Divorce

Divorce is based upon a no fault system, but it nevertheless remains necessary to establish to the satisfaction of the Court one of the five grounds set out below in support of establishing that the marriage has irretrievably broken down and that divorce proceedings can be taken:-

  1. Adultery.
  2. Unreasonable behaviour.
  3. Two years separation with the consent of the other spouse.
  4. Five years separation.
  5. Desertion.

The spouse issuing the Petition required to commence the divorce proceedings will be known as the Petitioner and the spouse in receipt of the divorce proceedings will be the Respondent.

Once the Petition is issued by the Court the divorce process is commenced and it is then sent to the Respondent who will complete an Acknowledgement of Service indicating (amongst other things) whether he or she intends to accept or defend the divorce proceedings.  Defended divorce proceedings are rare these days and should be avoided where possible in the interests of costs.

Assuming (as with the majority of cases) that the Respondent indicates his or her intention not to defend the divorce proceedings, the Petitioner then completes a statement in support of the divorce Petition and sends to the Court an application for the Decree Nisi to be pronounced.  This is a very important part of the divorce process (often referred to as the halfway stage) because it is not possible for a court to make an order regarding the finances of the case until the Decree Nisi within the divorce proceedings has been pronounced.

The earliest date for the Petitioner to make application for the Decree Absolute (to finalise the divorce process) is six weeks and one day after Decree Nisi, but we always advise clients to defer the application for Decree Absolute until the finances have been resolved by way of a consent order, or other order of the court.  To become divorced before the financial aspects of the case have been finalised could be financially catastrophic for one or other party to the divorce proceedings in the event of the other party’s death or one party’s remarriage.

Sometimes people worry about whether they should be the Petitioner or Respondent within the divorce process.  It is generally inadvisable to spend time and money debating with your spouse, or Solicitor, as to which particular role should be adopted by either party.  It is better to focus on the divorce process as a whole.

Assuming you have reached the conclusion that the marriage has irretrievably broken down, it is often better to regard the divorce process itself as a means to an end, and as a vehicle to deal with all the important issues flowing from the marriage breakdown, like the financial proposals for settlement and the arrangements for the children, to be finalised within the divorce proceedings.

It is rare to find that the behaviour of one or other party to the divorce process is so ‘gross and obvious’ that it would affect the outcome of the division of the finances between divorcing couples, to the extent that the offending party would be required to give more financial provision to the other party than would otherwise be required under the usual guidance for the division of assets, within the divorce process.  Similarly, we strive to keep behaviour out of account when it comes to the children of the family.  Just because the parties to the marriage itself have fallen out and have instituted divorce proceedings does not mean that carefully planned workable arrangements for the children cannot be achieved within the divorce process itself.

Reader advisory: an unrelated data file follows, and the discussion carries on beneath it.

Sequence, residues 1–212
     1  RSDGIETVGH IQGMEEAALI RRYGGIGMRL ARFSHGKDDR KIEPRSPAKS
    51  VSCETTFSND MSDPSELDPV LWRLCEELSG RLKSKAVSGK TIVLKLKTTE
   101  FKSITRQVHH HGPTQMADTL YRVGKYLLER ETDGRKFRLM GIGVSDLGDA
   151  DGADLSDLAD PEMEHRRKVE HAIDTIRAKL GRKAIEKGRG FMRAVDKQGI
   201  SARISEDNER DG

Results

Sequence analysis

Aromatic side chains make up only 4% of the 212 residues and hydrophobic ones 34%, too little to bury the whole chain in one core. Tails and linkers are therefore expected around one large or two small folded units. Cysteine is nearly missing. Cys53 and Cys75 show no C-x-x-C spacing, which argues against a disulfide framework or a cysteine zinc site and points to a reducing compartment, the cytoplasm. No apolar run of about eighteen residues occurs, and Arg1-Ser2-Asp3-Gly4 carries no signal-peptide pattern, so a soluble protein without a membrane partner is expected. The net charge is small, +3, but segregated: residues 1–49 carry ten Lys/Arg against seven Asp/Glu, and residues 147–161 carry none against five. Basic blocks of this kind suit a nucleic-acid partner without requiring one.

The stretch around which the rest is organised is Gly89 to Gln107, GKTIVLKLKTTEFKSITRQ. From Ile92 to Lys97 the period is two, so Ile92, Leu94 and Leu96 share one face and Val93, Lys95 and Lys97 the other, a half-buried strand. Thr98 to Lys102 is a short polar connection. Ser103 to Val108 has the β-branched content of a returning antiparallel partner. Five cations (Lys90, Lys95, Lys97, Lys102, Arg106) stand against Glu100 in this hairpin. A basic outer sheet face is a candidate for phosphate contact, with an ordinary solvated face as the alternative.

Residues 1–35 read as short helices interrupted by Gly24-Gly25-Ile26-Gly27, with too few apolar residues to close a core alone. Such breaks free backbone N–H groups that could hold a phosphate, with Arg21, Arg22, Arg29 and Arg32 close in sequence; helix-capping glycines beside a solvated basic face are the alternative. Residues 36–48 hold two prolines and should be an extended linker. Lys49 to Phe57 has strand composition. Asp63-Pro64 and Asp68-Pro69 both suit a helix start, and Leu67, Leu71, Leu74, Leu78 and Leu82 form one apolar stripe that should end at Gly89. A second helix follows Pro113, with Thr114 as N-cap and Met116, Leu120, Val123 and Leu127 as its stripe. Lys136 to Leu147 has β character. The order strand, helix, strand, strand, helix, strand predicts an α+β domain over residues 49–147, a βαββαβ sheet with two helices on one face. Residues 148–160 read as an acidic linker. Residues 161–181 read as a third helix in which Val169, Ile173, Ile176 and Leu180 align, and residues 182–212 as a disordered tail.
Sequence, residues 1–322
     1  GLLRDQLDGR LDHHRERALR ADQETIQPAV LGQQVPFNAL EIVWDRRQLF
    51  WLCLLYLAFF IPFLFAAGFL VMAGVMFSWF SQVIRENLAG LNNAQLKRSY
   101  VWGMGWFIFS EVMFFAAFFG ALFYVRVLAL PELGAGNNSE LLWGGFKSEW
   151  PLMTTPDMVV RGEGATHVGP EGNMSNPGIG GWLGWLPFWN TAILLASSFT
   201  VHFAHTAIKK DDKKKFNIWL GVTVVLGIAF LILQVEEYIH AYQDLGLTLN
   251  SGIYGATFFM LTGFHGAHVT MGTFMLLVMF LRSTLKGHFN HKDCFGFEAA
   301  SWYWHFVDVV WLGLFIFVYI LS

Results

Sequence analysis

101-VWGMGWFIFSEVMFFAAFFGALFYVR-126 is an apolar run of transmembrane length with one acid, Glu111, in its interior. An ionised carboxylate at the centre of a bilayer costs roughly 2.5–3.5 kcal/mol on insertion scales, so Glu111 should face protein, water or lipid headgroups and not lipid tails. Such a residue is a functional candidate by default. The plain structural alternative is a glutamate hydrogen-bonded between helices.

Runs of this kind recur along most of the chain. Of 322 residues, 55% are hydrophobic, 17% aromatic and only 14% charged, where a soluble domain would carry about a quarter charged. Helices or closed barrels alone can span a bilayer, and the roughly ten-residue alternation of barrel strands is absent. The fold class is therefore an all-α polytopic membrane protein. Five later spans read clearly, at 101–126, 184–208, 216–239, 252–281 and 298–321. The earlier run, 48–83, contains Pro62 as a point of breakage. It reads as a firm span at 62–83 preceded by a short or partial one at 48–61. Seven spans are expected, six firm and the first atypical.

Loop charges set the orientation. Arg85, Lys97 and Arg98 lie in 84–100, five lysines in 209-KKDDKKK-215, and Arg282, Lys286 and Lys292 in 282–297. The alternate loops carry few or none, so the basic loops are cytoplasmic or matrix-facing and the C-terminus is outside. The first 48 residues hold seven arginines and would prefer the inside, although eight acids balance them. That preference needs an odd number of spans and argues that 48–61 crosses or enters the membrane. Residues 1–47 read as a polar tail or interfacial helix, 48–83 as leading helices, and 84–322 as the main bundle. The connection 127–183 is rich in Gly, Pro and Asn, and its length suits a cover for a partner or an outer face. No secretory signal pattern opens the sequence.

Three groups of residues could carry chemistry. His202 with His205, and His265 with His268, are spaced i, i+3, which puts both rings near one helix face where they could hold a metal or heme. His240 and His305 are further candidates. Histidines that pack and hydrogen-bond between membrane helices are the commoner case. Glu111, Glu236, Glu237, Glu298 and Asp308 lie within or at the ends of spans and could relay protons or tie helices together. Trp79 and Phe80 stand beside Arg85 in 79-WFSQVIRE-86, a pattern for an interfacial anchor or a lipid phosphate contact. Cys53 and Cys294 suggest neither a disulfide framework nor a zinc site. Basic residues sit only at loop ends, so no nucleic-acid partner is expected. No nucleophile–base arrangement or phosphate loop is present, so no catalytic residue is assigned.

Obviously we will check with you that there is no particular behaviour which exists which could affect the outcome of either the finances or the children, but we will otherwise help you through the divorce process efficiently, and as painlessly as possible,   in order to focus on the more important aspects of your situation.

Civil Partnership

Here at Breakthrough Family Law we are very conscious that any relationship between couples of whatever gender can be subject to stresses and strains.  When the relationship is unable to withstand the difficulties, Breakthrough Family Law can offer help and advice in dealing with the inevitable fallout. This could take the form of advising on the financial consequences of a broken civil partnership or marriage, but we can also assist with resolving issues which may arise over any children who have been created or treated as a child of the family as a consequence of the relationship, whatever form that relationship has taken.

The marriage timeline below demonstrates just how conscious we are here at Breakthrough of the very recent changes to the law on marriage involving same sex couples:-

1753 Clandestine Marriage Act
The first time the State regulated marriage

1836 Marriage Act introduces Civil marriages
Marriage becomes a civil institution as well as a religious one

1949 The main piece of legislation regarding marriage

2004 The Civil Partnership Act
The first legally recognised relationship for same sex couples

2011 Law changed to allow same sex couples to register their Civil partnership on religious premises on a permissive basis.

2012 Public consultation on proposals to enable same sex couples to marry and Government announces commitment to legislate to enable same sex couples to marry in civil ceremonies

2013 Marriage (Same Sex Couples) Act becomes law making equal marriage legal

2014 summer. First same sex marriages took place.

Call Breakthrough Family law on 01494 776696 for consultations in Beaconsfield, Berkhamsted, Harrow and Mayfair, London.

During weekends or if you have an urgent matter, please call us on 07973 955775

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Why Breakthrough?

We aim to keep the time and cost expended on bringing the marriage to an end to a minimum.

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